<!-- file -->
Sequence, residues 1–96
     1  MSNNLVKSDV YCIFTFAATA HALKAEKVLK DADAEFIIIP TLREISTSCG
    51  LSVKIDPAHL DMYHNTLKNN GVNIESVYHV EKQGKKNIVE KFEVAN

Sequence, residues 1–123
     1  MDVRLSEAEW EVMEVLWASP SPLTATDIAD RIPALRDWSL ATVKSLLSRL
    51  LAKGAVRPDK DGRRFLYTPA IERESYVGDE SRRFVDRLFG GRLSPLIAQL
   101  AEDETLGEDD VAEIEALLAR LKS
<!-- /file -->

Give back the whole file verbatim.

Sequence, residues 1–96
     1  MSNNLVKSDV YCIFTFAATA HALKAEKVLK DADAEFIIIP TLREISTSCG
    51  LSVKIDPAHL DMYHNTLKNN GVNIESVYHV EKQGKKNIVE KFEVAN

Sequence, residues 1–123
     1  MDVRLSEAEW EVMEVLWASP SPLTATDIAD RIPALRDWSL ATVKSLLSRL
    51  LAKGAVRPDK DGRRFLYTPA IERESYVGDE SRRFVDRLFG GRLSPLIAQL
   101  AEDETLGEDD VAEIEALLAR LKS